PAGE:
hold (one's) own

(redirected from hold her own)

hold (one's) own

To be able to do something as well as others can. Don't you worry about me—I've been playing basketball since I was a kid and can hold my own against you bums.
See also: hold, own

hold one's own

to do as well as anyone else. I can hold my own in a footrace any day. She was unable to hold her own, and she had to quit.
See also: hold, own

hold one's own

Do reasonably well despite opposition, competition, or criticism. For example, The team held its own against their opponents, or Rumors often hold their own against facts. [First half of 1300s]
See also: hold, own

hold your own

COMMON If someone or something holds their own, they are as successful or of the same quality as someone or something else. Some areas of industry, such as shipbuilding, were able to hold their own in international markets. The most highly skilled members of the American workforce can hold their own with any in the world.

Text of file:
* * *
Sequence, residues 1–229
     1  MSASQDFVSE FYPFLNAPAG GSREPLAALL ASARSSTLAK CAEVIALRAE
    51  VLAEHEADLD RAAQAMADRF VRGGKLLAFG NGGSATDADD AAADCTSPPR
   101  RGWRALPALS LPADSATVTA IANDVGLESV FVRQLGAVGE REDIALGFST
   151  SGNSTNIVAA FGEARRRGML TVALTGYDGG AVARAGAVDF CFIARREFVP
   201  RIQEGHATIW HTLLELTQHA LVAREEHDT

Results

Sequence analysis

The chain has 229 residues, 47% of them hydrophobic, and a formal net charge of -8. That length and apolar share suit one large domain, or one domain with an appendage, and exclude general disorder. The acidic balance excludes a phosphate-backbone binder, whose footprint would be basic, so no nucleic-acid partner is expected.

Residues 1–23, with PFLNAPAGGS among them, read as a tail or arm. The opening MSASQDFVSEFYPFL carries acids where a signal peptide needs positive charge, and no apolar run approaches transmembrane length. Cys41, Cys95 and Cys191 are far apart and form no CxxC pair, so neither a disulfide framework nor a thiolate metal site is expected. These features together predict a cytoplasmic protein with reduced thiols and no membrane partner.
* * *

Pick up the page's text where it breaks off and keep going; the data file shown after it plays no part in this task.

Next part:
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hold your own

retain a position of strength in a challenging situation; not be defeated or weakened.
1953 Margaret Kennedy Troy Chimneys A young man so gifted may hold his own very well.
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hold your ˈown

remain in a strong position when somebody is attacking you, competing with you, etc: There was a lot of competition but she managed to hold her own.‘How’s your father?’ ‘He’s holding his own, but only just. We’ll just have to hope that he’ll start getting better soon.’
See also: hold, own

hold (one's) own

To do reasonably well despite difficulty or criticism.
See also: hold, own
References in classic literature ?
When the day grew quite strong and commonplace these dried off her; moreover, Tess then lost her strange and ethereal beauty; her teeth, lips, and eyes scintillated in the sunbeams and she was again the dazzlingly fair dairymaid only, who had to hold her own against the other women of the world.
She's also great in bed, she can hold her own in a session down at the pub and she loves going away.
Watson was the outsider who had to hold her own as the only woman in a cast and crew dominated by men.